Nick Clegg conference speech an 'electoral suicide note'
By admitting the Lib Dems have blocked popular Tory measures, Clegg took a big risk, say critics
DEPUTY PM Nick Clegg spoke for 51 minutes at his party conference in Glasgow yesterday, telling voters that only he could curb the excesses of the Tories or Labour and assuring Liberal Democrats "the recovery wouldn't be happening without us".
Urging Britons to return his party to power in 2015 with a speech that contained no new policies, Clegg said: "Labour would wreck the recovery. The Conservatives would give us the wrong kind of recovery."
But it was his list of a series of Tory policies he said the Lib Dems had successfully blocked which caught the attention of most commentators. The Sun was quick to dub Clegg 'Dr No' - the man who said 'no' to scrapping the Human Rights Act, 'no' to renewing Trident, 'no' to the so-called snoopers' charter and 'no' to the advertising vans which warned illegal immigrants to 'go home'.
There was just one problem with that strategy, warned The Sun - Clegg has vetoed "a long list of popular policies" which means his speech could backfire and was "an electoral suicide note".
"Electoral suicide note" was also the verdict of Tory MP Peter Bone, quoted in The Daily Mail, where columnist Quentin Letts was unimpressed by an overlong speech which was "sticky, humid [and] marinated with self-satisfaction" and conceit.
Letts said Clegg's high-risk decision to 'go negative' by setting himself up as "the glue in the tube, inertia made flesh" had handed the Tories and Labour "the prize of 'change'".
On The Spectator blog, Isabel Hardman was similarly taken aback by Clegg's nay-saying but thought she divined the motive behind it: this was a speech which "seemed to be addressed to the party, who would be very pleased with that list of nos" rather than the voters.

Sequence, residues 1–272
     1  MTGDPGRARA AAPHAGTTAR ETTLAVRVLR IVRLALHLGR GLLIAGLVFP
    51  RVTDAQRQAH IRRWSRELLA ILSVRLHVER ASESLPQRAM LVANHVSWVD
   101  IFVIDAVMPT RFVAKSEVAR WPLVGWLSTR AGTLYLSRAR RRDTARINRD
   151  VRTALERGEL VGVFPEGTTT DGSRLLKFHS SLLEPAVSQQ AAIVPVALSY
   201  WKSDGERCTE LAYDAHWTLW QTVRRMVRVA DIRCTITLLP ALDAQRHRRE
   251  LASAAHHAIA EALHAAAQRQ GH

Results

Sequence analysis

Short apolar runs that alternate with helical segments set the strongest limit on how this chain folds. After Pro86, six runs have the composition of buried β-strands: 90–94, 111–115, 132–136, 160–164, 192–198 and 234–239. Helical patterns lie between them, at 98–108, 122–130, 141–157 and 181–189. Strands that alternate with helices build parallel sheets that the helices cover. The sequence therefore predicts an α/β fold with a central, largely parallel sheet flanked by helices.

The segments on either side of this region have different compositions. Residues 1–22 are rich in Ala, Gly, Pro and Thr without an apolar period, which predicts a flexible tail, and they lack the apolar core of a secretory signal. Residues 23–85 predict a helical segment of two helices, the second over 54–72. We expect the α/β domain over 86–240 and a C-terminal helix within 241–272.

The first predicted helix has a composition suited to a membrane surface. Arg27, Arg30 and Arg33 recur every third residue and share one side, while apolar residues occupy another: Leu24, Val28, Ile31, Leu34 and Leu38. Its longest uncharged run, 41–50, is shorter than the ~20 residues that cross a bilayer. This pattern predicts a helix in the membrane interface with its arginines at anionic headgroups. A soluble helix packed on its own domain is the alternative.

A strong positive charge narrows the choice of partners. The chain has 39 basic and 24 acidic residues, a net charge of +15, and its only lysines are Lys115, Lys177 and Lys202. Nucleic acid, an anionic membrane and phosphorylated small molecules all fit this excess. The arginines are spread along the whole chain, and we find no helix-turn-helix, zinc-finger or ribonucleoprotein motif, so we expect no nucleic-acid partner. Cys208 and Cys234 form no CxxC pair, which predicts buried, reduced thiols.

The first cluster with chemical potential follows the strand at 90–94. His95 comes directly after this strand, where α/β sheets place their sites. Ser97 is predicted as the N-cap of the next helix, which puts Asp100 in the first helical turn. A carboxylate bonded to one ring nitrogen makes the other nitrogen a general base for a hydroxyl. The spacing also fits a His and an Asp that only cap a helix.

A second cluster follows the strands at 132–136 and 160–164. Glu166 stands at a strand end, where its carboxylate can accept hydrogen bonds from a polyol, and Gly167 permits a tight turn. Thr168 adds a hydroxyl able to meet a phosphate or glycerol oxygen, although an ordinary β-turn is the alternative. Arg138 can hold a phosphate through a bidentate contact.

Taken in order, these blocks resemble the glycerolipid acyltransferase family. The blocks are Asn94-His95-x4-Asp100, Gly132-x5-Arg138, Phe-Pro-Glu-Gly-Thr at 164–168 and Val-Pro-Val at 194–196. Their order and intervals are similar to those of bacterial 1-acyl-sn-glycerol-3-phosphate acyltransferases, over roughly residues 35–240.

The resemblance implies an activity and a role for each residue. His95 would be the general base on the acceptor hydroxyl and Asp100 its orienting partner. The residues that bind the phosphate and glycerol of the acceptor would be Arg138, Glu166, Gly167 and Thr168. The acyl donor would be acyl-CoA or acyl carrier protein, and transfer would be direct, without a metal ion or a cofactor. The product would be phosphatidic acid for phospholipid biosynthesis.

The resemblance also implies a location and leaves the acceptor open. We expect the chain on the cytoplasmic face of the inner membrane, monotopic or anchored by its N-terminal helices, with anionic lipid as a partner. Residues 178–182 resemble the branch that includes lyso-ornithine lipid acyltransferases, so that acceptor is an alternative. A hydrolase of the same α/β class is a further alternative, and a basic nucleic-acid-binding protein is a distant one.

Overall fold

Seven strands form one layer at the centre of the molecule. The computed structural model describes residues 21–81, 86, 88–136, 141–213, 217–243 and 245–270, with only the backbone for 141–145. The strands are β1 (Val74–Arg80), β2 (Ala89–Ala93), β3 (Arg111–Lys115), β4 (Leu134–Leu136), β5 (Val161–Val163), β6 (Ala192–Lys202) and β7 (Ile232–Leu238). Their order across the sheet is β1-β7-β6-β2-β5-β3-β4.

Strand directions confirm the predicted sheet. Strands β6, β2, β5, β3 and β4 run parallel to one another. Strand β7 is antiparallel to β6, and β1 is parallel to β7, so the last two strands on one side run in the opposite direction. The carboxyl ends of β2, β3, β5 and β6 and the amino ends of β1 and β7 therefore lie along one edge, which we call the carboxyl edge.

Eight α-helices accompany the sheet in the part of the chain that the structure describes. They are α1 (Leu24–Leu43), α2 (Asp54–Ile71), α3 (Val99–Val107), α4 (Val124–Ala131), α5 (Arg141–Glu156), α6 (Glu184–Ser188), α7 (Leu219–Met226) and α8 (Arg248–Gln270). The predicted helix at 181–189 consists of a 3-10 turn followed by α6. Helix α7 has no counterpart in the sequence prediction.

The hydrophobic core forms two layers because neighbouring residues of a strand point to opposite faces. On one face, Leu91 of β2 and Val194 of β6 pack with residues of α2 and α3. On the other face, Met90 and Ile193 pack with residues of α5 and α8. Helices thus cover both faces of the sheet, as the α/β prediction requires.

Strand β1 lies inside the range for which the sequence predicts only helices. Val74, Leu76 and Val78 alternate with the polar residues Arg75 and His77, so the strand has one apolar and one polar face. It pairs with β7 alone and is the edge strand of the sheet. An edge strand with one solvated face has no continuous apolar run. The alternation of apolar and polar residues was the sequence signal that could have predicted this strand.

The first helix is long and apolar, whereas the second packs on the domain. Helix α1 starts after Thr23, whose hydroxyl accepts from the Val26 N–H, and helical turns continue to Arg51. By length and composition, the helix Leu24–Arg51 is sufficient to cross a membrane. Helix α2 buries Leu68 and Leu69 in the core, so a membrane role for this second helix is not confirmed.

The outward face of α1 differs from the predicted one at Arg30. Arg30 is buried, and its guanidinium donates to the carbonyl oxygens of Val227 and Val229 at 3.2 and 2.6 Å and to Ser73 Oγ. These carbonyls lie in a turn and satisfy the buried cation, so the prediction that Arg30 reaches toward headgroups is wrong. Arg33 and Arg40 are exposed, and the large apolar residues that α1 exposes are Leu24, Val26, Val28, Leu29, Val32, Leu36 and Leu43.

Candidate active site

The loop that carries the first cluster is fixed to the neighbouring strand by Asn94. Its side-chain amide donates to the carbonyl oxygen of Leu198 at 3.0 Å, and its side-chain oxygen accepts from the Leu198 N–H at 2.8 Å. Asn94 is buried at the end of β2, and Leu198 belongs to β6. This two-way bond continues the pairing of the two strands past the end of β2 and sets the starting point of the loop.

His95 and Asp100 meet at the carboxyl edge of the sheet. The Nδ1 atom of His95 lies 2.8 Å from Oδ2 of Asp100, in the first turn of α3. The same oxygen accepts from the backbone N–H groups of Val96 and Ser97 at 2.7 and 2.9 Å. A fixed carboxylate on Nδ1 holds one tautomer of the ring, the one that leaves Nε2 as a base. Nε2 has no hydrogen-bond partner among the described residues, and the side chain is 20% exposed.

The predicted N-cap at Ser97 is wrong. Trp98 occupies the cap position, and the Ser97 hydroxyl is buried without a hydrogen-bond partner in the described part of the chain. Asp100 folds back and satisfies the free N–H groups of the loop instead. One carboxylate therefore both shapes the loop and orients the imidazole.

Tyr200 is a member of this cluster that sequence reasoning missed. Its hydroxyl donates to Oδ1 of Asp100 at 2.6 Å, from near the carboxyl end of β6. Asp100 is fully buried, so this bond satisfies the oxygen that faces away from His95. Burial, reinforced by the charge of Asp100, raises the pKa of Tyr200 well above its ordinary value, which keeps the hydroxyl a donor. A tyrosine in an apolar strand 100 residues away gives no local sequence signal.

The Daily Telegraph analysed the Twitter hive-mind's response to the speech. A research group, ImpactSocial, examined 7,000 tweets about Clegg's big moment and found that only eight per cent were positive. Forty-nine per cent were negative and the remaining 44 neutral.
The paper's politics blogger, Will Heaven, felt it was "revealing" that Clegg spoke of the Lib Dems as a permanent party of coalition government, curbing the other two main parties, like "the English answer to Germany's FDP".
The FDP currently props up Angela Merkel's CSU-CDU party in the Bundestag, though this may change after Sunday's general election.
Could the Lib Dems hope for a future pivotal role, allying with whichever major party rose to the top?
"There is a big problem with that," observes Heaven. "It's simply not what the electorate wants . 67 per cent of voters want a return to single-party government."
Not everybody hated Clegg's speech. Writing in The Guardian, Tim Farron hails it as showing "how much the Liberal Democrats have achieved in government". Of course, Tim Farron is president of the Liberal Democrats. ·